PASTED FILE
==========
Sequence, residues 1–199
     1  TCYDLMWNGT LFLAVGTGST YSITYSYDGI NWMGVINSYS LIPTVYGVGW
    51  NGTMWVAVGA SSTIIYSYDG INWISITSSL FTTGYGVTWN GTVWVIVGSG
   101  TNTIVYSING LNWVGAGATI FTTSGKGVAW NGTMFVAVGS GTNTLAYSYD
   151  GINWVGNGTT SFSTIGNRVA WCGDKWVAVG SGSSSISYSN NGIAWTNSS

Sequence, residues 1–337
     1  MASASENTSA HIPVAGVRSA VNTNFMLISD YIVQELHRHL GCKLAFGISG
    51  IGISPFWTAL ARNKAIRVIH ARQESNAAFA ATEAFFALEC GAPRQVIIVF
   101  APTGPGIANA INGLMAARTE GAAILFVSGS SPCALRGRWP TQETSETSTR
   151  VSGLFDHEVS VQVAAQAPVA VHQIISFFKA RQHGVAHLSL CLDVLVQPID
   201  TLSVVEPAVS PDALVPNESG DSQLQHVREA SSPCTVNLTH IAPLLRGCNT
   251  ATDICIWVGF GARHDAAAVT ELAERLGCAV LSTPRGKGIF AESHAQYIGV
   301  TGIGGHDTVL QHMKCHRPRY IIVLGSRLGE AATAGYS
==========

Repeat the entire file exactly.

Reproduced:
Sequence, residues 1–199
     1  TCYDLMWNGT LFLAVGTGST YSITYSYDGI NWMGVINSYS LIPTVYGVGW
    51  NGTMWVAVGA SSTIIYSYDG INWISITSSL FTTGYGVTWN GTVWVIVGSG
   101  TNTIVYSING LNWVGAGATI FTTSGKGVAW NGTMFVAVGS GTNTLAYSYD
   151  GINWVGNGTT SFSTIGNRVA WCGDKWVAVG SGSSSISYSN NGIAWTNSS

Sequence, residues 1–337
     1  MASASENTSA HIPVAGVRSA VNTNFMLISD YIVQELHRHL GCKLAFGISG
    51  IGISPFWTAL ARNKAIRVIH ARQESNAAFA ATEAFFALEC GAPRQVIIVF
   101  APTGPGIANA INGLMAARTE GAAILFVSGS SPCALRGRWP TQETSETSTR
   151  VSGLFDHEVS VQVAAQAPVA VHQIISFFKA RQHGVAHLSL CLDVLVQPID
   201  TLSVVEPAVS PDALVPNESG DSQLQHVREA SSPCTVNLTH IAPLLRGCNT
   251  ATDICIWVGF GARHDAAAVT ELAERLGCAV LSTPRGKGIF AESHAQYIGV
   301  TGIGGHDTVL QHMKCHRPRY IIVLGSRLGE AATAGYS